If I manage to convince her to go there, Amelia will begin insisting that we leave as soon as we have arrived and repeat this request incessantly into my face or by urgently curling my hand into the Auslan sign for home until I acquiesce. You can see it’s hardly worth the stress.

So, for the most part, the world has contracted once again to the boundaries, nay the limits, of our family home. The walls have closed in and sometimes it’s hard to breathe. Sure, we can enjoy the garden together, the lovely outdoor spaces when the weather allows, but some days that doesn’t feel like enough.

It’s school holidays right now and those weeks are by far the worst. Not for reasons you might expect – I love to have Amelia with me and to slow our routine down to a lazy jog rather than the frenetic sprint it usually feels like to get to kinder and the like. We make our own fun with paint, play dough, cooking and silly games.

No, what makes me feel so bereft at these times of the year is the painful exposure of just how small our world is, how limited the opportunities are for being out and about together.

Lots of other families get to plan things like long trips or day excursions or even just walks to the park. They say they’re going to do it and they just go and do it. Idea becomes reality; the run-of-the-mill activity or the special childhood dream event happens and the photos are added to the scrapbook.

The novelty of this is like a curio I’m peering at through a glass cabinet – I can see it but I can never reach out and touch it for myself. I’m told that things will get better and our world will expand once again but I can’t afford to create more fantasies that are beyond the capabilities of my daughter to fulfil.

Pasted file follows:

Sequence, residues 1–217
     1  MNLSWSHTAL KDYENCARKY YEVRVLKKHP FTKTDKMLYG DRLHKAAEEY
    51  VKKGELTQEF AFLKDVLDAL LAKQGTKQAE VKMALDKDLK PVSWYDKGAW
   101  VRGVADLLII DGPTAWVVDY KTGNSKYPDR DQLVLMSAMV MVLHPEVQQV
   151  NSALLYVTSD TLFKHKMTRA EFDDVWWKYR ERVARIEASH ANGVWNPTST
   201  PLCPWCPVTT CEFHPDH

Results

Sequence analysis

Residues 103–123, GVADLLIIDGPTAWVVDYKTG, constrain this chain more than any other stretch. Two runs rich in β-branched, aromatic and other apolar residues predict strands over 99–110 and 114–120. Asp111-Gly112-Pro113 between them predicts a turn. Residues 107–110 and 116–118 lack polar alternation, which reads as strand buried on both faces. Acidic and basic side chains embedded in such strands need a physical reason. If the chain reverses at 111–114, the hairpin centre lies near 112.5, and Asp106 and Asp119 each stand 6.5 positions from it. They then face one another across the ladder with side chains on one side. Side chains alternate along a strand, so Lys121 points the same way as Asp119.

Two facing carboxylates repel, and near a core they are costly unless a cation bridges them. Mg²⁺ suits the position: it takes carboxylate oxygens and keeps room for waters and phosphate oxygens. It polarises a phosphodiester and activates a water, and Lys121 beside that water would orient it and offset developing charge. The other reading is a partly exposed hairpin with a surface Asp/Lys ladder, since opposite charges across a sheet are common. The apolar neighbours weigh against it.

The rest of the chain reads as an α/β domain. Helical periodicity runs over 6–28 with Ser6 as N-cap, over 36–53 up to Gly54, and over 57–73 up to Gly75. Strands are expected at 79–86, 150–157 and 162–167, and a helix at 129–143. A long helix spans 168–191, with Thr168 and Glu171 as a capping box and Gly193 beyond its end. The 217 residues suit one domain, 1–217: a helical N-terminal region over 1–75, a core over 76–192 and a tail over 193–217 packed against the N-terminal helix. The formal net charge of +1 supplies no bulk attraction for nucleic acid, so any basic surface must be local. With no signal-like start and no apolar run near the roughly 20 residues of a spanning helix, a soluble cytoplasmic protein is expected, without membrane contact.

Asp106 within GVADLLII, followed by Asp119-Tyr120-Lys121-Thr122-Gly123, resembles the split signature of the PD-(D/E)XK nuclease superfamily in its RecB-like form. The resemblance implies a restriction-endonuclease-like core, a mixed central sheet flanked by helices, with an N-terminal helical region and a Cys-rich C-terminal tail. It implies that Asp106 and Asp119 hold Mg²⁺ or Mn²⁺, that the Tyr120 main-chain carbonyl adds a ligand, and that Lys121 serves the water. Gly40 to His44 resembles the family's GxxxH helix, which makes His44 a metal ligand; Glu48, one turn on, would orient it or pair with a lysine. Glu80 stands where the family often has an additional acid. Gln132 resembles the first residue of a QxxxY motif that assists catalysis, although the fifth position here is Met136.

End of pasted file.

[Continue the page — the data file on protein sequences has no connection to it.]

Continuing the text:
It’s not fair on her and it just breaks my heart.

[For TR, who’s in the trench with me and I wouldn’t have it any other way.]

On being brave like Coraline

“Being brave doesn’t mean you aren’t scared. Being brave means you are scared, really scared, badly scared, and you do the right thing anyway”.

“I’ve started running into women who tell me that Coraline got them through hard times in their lives. That when they were scared they thought of Coraline, and they did the right thing anyway”.
Neil Gaiman, on Coraline (2002)

Coraline, the intrepid traveller

Coraline, the intrepid traveller

Neil Gaiman’s book, Coraline, tells the story of the eponymous girl-heroine who goes through a mysterious door at home and finds a parallel-but-more-than-slightly-off version of her family life.

At first the door opens onto a bricked-up wall – a barrier between the here and there – but for Coraline it later reveals a once-hidden corridor to a place where her parents have buttons for eyes and everything is a little too perfect for comfort.